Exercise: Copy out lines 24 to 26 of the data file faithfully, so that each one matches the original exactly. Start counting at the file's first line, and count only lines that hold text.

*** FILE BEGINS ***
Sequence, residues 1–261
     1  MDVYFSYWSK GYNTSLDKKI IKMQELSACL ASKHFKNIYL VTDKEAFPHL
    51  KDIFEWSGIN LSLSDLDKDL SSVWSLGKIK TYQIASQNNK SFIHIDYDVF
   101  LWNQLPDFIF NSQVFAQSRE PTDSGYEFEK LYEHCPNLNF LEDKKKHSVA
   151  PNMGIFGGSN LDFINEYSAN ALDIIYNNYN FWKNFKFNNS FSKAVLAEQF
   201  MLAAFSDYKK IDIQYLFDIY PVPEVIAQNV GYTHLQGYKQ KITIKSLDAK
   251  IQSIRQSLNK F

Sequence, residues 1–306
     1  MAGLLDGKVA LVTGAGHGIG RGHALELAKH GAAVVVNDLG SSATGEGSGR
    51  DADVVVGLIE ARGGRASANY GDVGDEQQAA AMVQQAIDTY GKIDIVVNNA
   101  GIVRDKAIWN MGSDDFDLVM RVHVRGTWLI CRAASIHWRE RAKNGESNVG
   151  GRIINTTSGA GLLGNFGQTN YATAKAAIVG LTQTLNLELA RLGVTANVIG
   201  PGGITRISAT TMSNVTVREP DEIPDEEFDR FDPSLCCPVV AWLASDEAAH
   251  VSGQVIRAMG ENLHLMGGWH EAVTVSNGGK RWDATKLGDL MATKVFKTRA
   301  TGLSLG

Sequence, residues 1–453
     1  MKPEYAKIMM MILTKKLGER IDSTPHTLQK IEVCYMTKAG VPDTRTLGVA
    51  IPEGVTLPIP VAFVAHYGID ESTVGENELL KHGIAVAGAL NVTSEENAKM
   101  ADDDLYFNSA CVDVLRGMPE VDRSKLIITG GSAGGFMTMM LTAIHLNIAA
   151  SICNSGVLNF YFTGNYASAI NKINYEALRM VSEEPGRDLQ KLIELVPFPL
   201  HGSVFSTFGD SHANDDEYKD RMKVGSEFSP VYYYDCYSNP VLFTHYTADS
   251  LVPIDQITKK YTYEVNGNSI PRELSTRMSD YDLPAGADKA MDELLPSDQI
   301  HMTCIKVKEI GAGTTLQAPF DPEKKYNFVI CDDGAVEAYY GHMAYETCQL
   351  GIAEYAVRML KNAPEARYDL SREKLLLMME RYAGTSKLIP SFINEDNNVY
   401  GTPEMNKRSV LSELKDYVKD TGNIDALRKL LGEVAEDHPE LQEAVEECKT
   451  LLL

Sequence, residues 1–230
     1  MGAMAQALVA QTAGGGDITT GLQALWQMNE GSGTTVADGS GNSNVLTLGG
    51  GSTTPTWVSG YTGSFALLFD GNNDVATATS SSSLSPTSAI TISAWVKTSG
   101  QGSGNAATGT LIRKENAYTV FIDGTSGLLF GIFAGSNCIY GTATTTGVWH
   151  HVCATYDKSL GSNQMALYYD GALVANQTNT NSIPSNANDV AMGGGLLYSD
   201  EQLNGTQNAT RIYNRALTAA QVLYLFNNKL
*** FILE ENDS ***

   351  GIAEYAVRML KNAPEARYDL SREKLLLMME RYAGTSKLIP SFINEDNNVY
   401  GTPEMNKRSV LSELKDYVKD TGNIDALRKL LGEVAEDHPE LQEAVEECKT
   451  LLL